By Suzanne Hartzell
Even though California is a leader in technological innovation, it trails other states when it comes to computer science education in public schools. There is little professional development funding, high schools are not required to offer computer science courses and, until recently, there were no computer science curriculum standards. The Computer Science Teachers Association began developing new standards, and a collective of educators, state representatives, and school district officials have been working on a framework to bring computer science into all K-12 grades. The framework will provide curriculum guidance, and the standards will outline student performance expectations.
It just so happens that Riverside Unified School District was ahead of the pack in designing and implementing computer science curriculum, and training educators to teach it. Chemawa and Sierra middle schools were RUSD's first to offfer a middle school science course. Teachers from those two schools received professional development and taught Computer Science Discoveries (CS Discoveries), an introductory computer science course that empowers students to create authentic artifacts and engage with computer science as a medium for creativity, communication, problem-solving, and fun.
Other RUSD schools were becoming state leaders in piloting and implementing computer science curriculum. RUSD hosted its first "Family Code Night," so parents could learn computer science alongside their kids. It was met with such success that now multiple schools are hosting them. RUSD’s commitment to bring more robust programs to all of their schools was clear. The goal was to create computer science pathways from elementary to high school and to expand teacher training opportunities, which often means looking to outside groups for help with funding.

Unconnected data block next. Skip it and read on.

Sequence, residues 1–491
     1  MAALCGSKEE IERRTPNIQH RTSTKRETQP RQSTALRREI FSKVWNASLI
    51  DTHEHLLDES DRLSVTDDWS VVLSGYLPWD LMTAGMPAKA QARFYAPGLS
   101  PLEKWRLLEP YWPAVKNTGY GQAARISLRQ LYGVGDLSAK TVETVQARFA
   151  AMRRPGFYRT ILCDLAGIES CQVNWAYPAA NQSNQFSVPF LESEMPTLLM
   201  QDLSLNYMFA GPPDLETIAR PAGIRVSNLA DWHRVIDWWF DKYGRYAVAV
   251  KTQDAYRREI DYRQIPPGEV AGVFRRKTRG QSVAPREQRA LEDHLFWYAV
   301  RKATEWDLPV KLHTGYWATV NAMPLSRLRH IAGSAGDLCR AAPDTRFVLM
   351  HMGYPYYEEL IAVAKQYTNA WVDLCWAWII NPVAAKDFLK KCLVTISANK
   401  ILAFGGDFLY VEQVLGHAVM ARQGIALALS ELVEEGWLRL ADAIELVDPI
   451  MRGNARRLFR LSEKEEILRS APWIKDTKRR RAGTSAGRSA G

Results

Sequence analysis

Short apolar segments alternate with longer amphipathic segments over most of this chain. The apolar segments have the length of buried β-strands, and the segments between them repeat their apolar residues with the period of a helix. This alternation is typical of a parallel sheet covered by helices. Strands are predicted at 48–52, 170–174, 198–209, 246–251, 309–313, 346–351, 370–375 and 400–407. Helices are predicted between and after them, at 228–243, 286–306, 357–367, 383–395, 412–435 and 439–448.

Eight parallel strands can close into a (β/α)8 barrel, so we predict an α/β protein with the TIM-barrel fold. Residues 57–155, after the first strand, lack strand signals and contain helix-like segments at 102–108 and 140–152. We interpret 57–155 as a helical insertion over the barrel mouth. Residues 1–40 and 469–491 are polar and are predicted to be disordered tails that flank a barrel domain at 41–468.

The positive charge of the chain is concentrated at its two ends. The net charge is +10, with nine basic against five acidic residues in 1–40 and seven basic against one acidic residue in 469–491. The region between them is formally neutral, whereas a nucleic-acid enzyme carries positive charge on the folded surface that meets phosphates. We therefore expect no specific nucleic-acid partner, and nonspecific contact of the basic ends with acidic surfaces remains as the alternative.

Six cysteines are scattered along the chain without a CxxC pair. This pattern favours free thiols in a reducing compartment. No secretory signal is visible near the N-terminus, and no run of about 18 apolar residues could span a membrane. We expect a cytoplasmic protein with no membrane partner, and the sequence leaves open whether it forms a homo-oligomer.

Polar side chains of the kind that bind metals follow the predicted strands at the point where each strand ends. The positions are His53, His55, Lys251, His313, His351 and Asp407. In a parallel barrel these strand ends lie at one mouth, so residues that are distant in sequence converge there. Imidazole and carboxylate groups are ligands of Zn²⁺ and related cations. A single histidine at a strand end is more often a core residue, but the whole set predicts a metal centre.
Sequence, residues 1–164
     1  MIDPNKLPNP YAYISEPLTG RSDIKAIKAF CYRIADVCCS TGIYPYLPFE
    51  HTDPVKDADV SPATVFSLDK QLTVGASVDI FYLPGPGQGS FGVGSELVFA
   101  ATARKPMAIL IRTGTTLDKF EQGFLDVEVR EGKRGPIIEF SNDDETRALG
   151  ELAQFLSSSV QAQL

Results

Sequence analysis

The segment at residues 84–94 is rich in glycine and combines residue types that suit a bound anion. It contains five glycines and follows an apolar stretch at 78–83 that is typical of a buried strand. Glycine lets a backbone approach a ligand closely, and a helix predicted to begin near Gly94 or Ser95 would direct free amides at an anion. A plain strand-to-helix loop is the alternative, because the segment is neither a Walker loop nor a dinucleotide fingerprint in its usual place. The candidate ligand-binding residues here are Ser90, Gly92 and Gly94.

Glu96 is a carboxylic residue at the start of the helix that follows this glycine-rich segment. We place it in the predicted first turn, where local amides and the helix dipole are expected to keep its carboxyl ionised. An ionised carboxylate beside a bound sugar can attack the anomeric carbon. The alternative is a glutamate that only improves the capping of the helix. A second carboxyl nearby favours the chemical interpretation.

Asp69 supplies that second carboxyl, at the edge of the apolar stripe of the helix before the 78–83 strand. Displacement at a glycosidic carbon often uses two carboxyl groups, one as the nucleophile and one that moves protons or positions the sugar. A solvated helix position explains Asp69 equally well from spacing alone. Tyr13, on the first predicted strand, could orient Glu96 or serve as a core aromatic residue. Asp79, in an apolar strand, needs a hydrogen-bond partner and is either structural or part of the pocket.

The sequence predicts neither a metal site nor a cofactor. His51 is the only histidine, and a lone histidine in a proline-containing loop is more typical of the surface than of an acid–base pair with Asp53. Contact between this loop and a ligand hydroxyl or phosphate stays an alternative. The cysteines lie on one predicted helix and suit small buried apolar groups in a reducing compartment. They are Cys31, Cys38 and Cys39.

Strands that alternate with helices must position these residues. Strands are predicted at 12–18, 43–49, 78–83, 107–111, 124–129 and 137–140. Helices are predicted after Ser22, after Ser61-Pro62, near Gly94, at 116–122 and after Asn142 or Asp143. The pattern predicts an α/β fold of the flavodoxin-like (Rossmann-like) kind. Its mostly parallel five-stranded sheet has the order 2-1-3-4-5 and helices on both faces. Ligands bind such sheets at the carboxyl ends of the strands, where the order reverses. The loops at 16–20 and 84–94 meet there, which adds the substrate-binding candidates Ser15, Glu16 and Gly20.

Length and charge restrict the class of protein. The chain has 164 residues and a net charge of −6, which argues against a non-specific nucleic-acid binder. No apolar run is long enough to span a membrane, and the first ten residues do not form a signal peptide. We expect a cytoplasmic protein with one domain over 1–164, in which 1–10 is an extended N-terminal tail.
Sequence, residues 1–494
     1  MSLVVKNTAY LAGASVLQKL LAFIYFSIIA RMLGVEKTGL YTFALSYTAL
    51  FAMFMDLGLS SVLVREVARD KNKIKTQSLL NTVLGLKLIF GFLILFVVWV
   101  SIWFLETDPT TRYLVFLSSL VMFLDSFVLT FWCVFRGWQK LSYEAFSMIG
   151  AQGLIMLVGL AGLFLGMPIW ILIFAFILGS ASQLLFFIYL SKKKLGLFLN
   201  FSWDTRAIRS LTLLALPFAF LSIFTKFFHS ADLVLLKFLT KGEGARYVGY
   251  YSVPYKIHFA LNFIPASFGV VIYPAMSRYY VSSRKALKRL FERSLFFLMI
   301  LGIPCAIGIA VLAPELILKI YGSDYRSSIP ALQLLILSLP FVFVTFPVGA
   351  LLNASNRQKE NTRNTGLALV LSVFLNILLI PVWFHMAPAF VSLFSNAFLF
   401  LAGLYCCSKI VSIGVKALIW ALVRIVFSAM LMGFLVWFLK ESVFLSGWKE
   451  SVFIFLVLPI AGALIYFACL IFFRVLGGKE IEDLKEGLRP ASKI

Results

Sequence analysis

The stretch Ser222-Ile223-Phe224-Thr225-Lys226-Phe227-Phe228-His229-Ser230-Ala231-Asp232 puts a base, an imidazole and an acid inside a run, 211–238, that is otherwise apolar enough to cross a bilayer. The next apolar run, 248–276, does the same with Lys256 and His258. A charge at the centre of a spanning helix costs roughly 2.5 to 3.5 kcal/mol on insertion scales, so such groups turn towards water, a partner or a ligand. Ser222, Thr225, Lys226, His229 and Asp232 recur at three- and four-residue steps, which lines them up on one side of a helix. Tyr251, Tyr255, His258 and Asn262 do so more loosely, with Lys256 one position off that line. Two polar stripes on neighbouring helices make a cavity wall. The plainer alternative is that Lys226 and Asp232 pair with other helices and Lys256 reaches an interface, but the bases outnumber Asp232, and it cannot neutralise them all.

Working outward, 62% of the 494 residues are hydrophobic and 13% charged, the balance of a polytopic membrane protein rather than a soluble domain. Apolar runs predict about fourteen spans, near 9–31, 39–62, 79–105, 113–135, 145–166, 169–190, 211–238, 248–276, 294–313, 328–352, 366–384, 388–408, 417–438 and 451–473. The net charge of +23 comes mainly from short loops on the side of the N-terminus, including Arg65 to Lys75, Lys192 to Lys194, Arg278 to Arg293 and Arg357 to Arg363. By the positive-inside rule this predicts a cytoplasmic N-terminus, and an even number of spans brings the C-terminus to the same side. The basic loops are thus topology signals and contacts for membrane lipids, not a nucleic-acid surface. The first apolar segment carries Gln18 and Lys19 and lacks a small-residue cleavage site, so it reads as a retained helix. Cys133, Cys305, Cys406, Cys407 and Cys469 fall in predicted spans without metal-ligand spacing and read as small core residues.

Steve Kong, an RUSD instructional services specialist, looked to Google and, with the help of the district’s manager for grants and project development, Linda Christopher, applied for Google's CS Educator Grant.
“The grant required us to partner with research institutions or universities that offer professional development opportunities for teachers. We chose UCR Extension, as they are one of the only institutions currently offering a program for teachers to earn a supplementary authorization in computer science,” he explained.
UCR Extension’s supplementary authorization, approved by the Commission on Teacher Credentialing, prepares teachers to navigate a comprehensive computer science curriculum, including computational thinking, computing best practices, high-level programming, software design, data structure, and algorithms. The authorization is of value to K-12 educators, pre-service teachers, or school or district administrators in public, private, or charter school environments.
Kong continued: “In our program, we created an accelerated model for the UCR Extension program and established communities of practice (COP) for our teachers and instructors to collaborate, engage, and learn best practices and content. Currently in California, only 41 teachers hold the supplementary authorization to teach computer science, but our program added an additional 18. Our graduating cohort had 16 secondary teachers, one staff development specialist, and one instructional services specialist. Our program was also timely, as California will finally be releasing the new statewide computer science standards in fall 2018.”
Kong also shared comments from teachers who participated:
“I had a great experience. I went in hoping to learn about programming and how to implement it in my classroom, and came out feeling like a programmer!" said one teacher.
"The depth and breadth of knowledge gained was more than I could have hoped for," said another. "Not only did I receive an in-depth education in computer science, I also became part of a cohort that broadened my craft as a teacher. The relationships I built are priceless."